· "rBST- (or rBGH-) Free"

· "Our farmers pledge: No artificial hormones"

· "This milk comes from cows not treated with the growth hormone rBST (or rBGH)"

Moreover, even Mr. Lowry admits that most companies include the FDA-suggested disclaimer that there is no significant difference between rBGH and rBGH-free milk.

The labels are quite clear and most consumers know what they mean just as much as they know what "No preservatives," "No artificial flavors," "No artificial colors," etc. mean when they read them on other labels. Consumers simply don't believe Monsanto and the FDA when they say there are no significant differences in the milk and no human health concerns.

As we've pointed out above, they have solid, scientific justification for these beliefs.  Moreover, many consumers are very well aware of the well-documented harm done to cows and refuse to buy rBGH dairy products based on animal welfare grounds.

Companies have the right to tell consumers how their products are produced and what is NOT in them

It's helpful to compare labeling of non-dairy products to see what is legally established practice in American business. Enclosed are photos of a small sample of foods that label what is not in their products:

DeBoles rice: "Gluten free ­ all natural ingredients ­ no preservatives or chemicals added"

Applegate Farms bacon: "Vegetarian grain-fed with no animal by-products ­ No nitrites added ­ No antibiotics used"

Sunrise Fresh eggs: "Cage free ­ certified humane raised & handled ­ vegetarian diet"

Ranger chicken: "All vegetarian diet ­ no animal by-products, antibiotics or growth promoting hormones are given to our Ranger Birds"

Back to Nature pickles: "No artificial preservatives, flavors or colors"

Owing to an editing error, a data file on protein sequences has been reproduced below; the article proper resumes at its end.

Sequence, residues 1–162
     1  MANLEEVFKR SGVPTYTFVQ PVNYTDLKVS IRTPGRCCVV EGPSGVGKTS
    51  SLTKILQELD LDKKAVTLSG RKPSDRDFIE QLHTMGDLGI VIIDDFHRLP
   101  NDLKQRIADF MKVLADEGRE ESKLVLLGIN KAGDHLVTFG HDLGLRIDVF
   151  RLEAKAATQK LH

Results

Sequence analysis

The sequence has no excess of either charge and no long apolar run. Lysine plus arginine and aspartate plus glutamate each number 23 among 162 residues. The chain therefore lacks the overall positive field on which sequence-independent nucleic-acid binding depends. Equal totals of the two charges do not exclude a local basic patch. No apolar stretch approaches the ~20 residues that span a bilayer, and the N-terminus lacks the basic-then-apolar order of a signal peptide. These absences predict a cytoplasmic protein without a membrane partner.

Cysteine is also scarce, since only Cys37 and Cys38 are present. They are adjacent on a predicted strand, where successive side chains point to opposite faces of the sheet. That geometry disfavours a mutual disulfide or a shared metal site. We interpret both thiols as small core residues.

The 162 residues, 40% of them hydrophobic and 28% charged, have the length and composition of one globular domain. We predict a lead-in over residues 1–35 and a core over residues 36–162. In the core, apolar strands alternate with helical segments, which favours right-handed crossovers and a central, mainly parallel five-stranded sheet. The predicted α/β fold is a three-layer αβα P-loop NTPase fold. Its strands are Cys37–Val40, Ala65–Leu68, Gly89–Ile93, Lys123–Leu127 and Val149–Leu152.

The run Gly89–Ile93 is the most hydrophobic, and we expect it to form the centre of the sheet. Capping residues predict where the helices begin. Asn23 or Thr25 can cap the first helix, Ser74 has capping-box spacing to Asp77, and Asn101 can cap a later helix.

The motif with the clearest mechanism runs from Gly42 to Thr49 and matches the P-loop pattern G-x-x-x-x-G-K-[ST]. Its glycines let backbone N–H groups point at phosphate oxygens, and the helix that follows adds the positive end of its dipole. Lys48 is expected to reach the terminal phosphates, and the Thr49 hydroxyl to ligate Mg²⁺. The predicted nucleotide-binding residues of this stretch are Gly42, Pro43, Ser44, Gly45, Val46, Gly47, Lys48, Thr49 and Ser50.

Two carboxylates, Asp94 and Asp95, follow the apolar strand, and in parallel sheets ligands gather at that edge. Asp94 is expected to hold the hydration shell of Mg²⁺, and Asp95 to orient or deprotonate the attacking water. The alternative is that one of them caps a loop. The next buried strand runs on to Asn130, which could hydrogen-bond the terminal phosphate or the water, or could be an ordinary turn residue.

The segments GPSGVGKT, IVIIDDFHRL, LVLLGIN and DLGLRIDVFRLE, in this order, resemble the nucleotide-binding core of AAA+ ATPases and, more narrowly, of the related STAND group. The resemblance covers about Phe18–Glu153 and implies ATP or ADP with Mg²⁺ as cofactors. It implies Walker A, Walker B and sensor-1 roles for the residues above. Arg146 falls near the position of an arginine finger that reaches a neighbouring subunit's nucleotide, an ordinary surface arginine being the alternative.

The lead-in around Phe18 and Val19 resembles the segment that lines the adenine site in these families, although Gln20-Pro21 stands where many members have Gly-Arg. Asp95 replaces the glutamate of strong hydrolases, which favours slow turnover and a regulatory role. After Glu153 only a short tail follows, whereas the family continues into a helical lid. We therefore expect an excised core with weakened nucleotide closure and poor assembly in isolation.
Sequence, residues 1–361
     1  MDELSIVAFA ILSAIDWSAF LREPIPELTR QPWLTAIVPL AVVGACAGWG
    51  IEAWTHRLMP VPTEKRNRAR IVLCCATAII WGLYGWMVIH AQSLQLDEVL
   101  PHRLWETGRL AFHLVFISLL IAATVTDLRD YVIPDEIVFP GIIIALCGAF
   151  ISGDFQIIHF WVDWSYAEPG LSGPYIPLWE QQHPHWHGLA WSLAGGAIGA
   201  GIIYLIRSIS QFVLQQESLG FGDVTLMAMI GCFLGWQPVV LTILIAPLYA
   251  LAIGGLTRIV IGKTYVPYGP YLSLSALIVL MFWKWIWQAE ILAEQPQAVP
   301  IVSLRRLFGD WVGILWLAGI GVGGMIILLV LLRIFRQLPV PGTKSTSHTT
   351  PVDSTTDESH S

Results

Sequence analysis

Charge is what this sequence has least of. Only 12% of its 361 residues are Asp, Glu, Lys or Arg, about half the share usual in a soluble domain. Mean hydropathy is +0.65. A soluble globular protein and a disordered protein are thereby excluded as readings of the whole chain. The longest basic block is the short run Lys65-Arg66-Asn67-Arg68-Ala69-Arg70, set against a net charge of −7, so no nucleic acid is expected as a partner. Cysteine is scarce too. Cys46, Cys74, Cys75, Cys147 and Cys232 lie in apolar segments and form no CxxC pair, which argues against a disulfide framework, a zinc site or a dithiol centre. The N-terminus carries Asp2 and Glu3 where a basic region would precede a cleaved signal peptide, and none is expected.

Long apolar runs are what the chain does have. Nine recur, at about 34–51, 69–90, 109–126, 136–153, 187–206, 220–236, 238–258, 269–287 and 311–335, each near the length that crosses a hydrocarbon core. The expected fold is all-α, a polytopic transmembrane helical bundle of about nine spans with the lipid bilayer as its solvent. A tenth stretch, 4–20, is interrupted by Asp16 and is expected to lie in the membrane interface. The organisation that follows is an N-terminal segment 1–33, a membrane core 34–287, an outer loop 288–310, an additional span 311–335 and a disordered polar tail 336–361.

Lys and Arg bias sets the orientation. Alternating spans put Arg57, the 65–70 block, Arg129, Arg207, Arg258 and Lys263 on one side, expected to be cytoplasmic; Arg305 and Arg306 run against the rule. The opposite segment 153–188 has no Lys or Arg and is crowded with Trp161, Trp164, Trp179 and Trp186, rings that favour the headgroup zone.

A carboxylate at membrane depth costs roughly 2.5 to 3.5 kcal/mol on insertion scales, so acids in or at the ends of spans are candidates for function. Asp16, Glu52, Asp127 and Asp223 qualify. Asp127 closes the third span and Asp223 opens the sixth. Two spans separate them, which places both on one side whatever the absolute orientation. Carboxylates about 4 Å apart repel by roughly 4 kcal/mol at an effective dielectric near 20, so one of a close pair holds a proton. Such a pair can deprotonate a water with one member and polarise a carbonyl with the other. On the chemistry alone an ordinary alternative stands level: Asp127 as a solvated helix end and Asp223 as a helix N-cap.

Ian's fish sticks: "No wheat ­ no gluten ­ no casein ­ no milk ­ no eggs ­ no nuts ­ no soy"

This is only a small sample. The most widespread use of labeling to inform consumers, of course, is organic products. Whether stated or not on the label, organic by definition means that no antibiotics, pesticides or hormones are allowed.

It seems to us that Monsanto is asking the federal government to restrict fair competition to try to save its dying product. After four years of this campaign in which we've made over 150 public presentations all over the country presenting both sides of this issue, one fact stands out: the more consumers know about rBGH, the more they're likely to oppose it. Moreover, we know that most consumers that go rBGH-free never go back to accepting rBGH products. This is highly significant in a very competitive business. Knowledge about the science-based concerns with rBGH is rapidly spreading and consumers are increasingly "voting with their dollars." This fact is not lost on business leaders, who are making perfectly logical decisions to discontinue rBGH to preserve and enhance their profits.

Companies should have the right to continue to tell consumers in straightforward language how their products are produced and what is not in them. This is accepted advertising practice and dairy producers should not be subject to restrictions that do not affect all other food manufacturers.

Companies should also have the right to respond to market conditions and do what is best for profitability. If they are hearing from their customers that they don't want something, they should have every freedom to eliminate it and give these customers the information they need to make an educated purchasing decision.

Finally, consumers should have the right to know how their food is produced and what ingredients are and are not in them. This can only be accomplished by labeling.

We urge you to preserve fair competition by not further restricting labeling of rBGH-free products.

Moreover, based on a significant body of scientific research conducted since 1993, we urge the FDA to remove rBGH from the market immediately.


Rick North, Project Director ­
Campaign For Safe Food

Martin Donohoe, MD ­
Chief Scientific Advisor
Oregon Physicians for Social Responsibility

[1]   Erhard, M.H. et al, Identification of antigenic differences of recombinant and pituitary bovine growth hormone using monoclonal antibodies. Journal of Immunoassay, 15(1):1-9, 1994.